In determining the arrangement of the 5 subunits of the complex, isolation of a γχΨ complex suggests χ, Ψ, or both bind directly to γ. Neither χ nor Ψ have been found in association with τ. Possibly in γ, the omission of the C-terminal portion of τ yields a surface unique to γ which specifically binds χ and Ψ. Although it is not clear how the γ complex contacts the polymerase, the τ subunit can interact in vitro with either δ or δ′ to form a complex that can lock β onto primed DNA (O'Donnell, 1987, J. Biol. Chem., vol. 262, pp 16558-16565). This suggests that τ contacts the γ complex by interaction with δ and δ′.

DNA polymerases that duplicate chromosomes are remarkably processive multiprotein machines. These replicative polymerases remain in continuous association with the DNA over tens to hundreds of kilobases. The high processivity of Pol III holoenzyme lies in a ring-shaped protein that acts as a sliding clamp for the rest of the machinery. A ring-shaped sliding clamp is likely to be general for replicative polymerases, being formed by the PCNA protein of yeast and humans and the gene 45 protein of the T4 phage.

The subunit structure of the E. coli replicative polymerase is presented in Kornberg and Baker (Kornberg and Baker, 1991, DNA Replication W. H. Freeman, New York, pp 165-207). During purification, this multiprotein polymerase generally dissociates into three components: a DNA polymerase, a multisubunit accessory protein complex, and a single subunit accessory protein. The DNA polymerase components of E. coli are Pol III core, which is a heterotramer of α (polymerase), ε (3′5′ exonuclease), and θ. Prokaryotic polymerases are not highly processive on their own; for this they require their respective accessory proteins. The accessory protein complex of E. coli is the five subunit γ complex, a DNA dependent ATPase that recognizes a primer-template junction. The single accessory subunit of E. coli is the β subunit, which has no inherent catalytic activity, but simulates the ATPases activity of the accessory protein complex.

The E. coli accessory proteins, γ complex plus β subunit, hydrolyze ATP to form a tight protein clamp (termed a “preititiation complex”) on primed single-stranded (ss) DNA coated with ssDNA binding protein (Wickner, 1976, Proc. Natl Acad. Sci. USA, vol. 73, pp3511-3515; O'Donnell, 1987, J. Biol. Chem. vol. 262, pp 16558-16565; Maki and Kornberg, 1988, J. Biol. Chem., vol. 263, pp 6561-6569). The core polymerase then associates with the preinitiation complex to form the highly processive holoenzyme. The preinitiation complex thus acts as a gliding clamp on primed DNA.

In the E. coli system, the γ complex can be separated from the preinitiation complex by gel filtration, leaving only a dimer of β on primed DNA. This dimer retains the capacity to confer highly processive synthesis onto the core polymerase (Stukenberg et al., 1991, J. Biol. Chem., vol. 266, pp 11328-11334). Hence the γ complex is not required during processive elongation. The role of the γ complex is to recognize primed DNA and to couple ATP hydrolysis to clamp β onto DNA (Onrust et al., 1991, J. Biol. Chem., vol. 266, pp 21681-21686). Only the γ and δ subunits are essential to clamp β onto DNA, although the other subunits of the γ complex modulate the activity of the γ and δ subunits (O'Donnell and Studwell, 1990, J. Biol. Chem., vol. 265, pp 1179-1187).

Several β clamps can be transferred by one γ complex onto a single circular plasmid DNA molecule containing one nick (Stukenberg et al., op. cit.). These β clamps freely diffuse along the plasmid DNA and will slide off the end of this DNA if the circular plasmid is cut with a restriction enzyme. The sliding motion of β is bi-directional independent of ATP, and occurs only on duplex DNA (Stukenberg et al., op. cit.). It is known that β, once transformed by the γ complex into a strong DNA binding protein, readily slides off linear DNA. Hence it was hypothesized that the β dimer is shaped like a ring that encircles the duplex like a doughnut (Stukenberg et al., op cit.). This β ring can then slide off linear DNA like a washer off the end of a steel rod.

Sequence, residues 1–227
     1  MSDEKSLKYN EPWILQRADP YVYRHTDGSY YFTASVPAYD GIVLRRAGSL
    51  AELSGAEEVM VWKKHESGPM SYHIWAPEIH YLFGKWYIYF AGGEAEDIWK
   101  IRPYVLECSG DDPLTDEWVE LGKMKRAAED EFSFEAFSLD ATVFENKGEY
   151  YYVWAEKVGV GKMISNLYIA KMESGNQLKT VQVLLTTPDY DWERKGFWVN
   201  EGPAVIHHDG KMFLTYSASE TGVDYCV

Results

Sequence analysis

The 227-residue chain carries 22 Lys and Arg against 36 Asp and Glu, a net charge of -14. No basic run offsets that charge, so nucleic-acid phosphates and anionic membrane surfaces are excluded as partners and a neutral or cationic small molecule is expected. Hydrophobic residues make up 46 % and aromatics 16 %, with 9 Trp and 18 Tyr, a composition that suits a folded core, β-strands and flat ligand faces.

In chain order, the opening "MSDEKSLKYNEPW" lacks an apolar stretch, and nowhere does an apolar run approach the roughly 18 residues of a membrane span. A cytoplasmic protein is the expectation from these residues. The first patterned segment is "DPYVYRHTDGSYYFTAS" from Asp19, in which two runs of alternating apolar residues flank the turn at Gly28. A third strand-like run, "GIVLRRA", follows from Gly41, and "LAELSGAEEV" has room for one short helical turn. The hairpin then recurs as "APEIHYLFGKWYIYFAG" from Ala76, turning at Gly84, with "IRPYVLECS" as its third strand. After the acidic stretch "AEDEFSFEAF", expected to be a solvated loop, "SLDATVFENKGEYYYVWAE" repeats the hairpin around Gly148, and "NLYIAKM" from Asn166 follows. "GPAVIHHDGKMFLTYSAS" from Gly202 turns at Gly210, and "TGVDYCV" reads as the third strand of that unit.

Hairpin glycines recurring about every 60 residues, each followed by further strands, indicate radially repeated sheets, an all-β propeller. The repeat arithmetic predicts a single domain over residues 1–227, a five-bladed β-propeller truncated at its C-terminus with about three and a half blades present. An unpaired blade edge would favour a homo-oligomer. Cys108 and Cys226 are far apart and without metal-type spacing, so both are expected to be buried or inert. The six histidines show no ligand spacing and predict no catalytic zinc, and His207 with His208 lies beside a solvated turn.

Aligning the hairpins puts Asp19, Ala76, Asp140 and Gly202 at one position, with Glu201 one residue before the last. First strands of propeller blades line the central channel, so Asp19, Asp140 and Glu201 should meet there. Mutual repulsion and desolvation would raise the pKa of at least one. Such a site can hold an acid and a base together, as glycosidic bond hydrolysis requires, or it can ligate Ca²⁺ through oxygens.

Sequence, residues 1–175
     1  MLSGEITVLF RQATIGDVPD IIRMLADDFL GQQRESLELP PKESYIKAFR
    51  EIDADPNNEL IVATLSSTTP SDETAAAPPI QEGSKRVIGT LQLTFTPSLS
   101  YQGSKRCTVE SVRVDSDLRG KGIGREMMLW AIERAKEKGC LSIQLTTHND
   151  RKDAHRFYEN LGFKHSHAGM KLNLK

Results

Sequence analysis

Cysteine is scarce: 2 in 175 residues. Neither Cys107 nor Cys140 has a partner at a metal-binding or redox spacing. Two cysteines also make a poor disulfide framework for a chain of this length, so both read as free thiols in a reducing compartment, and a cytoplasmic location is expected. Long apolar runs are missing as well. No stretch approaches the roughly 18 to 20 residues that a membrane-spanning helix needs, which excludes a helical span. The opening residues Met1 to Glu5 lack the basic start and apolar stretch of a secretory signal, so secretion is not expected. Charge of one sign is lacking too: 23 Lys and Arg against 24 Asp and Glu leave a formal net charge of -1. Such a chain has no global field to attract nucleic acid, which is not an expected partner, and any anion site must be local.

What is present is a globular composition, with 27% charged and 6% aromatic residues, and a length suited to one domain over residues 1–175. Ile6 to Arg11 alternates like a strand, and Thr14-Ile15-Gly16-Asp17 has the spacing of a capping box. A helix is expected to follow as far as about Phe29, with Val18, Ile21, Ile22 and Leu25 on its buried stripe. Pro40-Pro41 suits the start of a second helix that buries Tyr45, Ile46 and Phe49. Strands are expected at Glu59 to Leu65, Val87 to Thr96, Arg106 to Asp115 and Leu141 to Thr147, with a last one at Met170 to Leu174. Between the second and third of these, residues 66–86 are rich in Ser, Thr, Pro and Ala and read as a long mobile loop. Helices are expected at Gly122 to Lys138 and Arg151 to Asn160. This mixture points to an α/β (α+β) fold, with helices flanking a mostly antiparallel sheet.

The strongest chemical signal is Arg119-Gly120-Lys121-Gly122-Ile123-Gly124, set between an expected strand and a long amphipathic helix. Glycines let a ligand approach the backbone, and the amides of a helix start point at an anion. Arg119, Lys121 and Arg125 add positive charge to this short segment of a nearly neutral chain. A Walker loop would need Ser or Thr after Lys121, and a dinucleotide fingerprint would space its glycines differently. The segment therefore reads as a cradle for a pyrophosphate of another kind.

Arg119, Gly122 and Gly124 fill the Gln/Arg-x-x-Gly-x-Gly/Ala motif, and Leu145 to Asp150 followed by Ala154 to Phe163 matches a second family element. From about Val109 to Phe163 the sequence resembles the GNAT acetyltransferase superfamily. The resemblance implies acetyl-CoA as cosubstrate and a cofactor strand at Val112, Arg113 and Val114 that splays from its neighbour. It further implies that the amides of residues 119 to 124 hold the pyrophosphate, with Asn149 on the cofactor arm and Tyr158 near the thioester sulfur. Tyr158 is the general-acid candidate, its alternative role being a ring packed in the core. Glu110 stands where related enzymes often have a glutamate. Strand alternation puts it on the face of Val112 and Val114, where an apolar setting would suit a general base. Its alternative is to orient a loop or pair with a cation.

The β clamp confers processivity onto the core polymerase by binding directly to the polymerase α subunit, thereby tethering the polymerase to DNA for processive syntheses. As the polymerase extends the 3′ terminus, it simply pulls the β sliding clamp along.

X-ray analysis of β shows that it indeed has the shape of a ring (Kong et al., 1992, Cell vol. 67, pp 425-437). The central cavity is of sufficient diameter to accommodate duplex DNA and is lined with 12 α helices that are supported by a single continuous layer of β sheet structure all around the outside. Although the β ring is uninterrupted and looks like a single molecule, it is actually a head-to-tail dimer. The width of the β clamp is approximately that of one turn of the DNA helix, and the head-to-tail arrangement creates physically distinct front and back faces. The “A” face is rather flat and is more negatively charged than the “B” face, which is characterized by several loops. The γ complex likely opens and closes the β ring around DNA and orients the correct face toward the primer terminus for interaction with the polymerase. Each β monomer is composed of three domains that have the same three-dimensional structure, giving the β dimer a six-fold repeat appearance. This high degree of symmetry in the β ring could help promote smooth gliding along the symmetrical DNA duplex.

The β clamp is negatively charged overall, but the α helices lining the central cavity are positively charged, perhaps to stabilize the β clamp on DNA. Ionic interaction between β and DNA must be mediated by water because the inside diameter of the β ring is too large for direct contact between the basic side chains and the DNA at the center. The lack of direct contact between β and DNA may facilitate the sliding motion.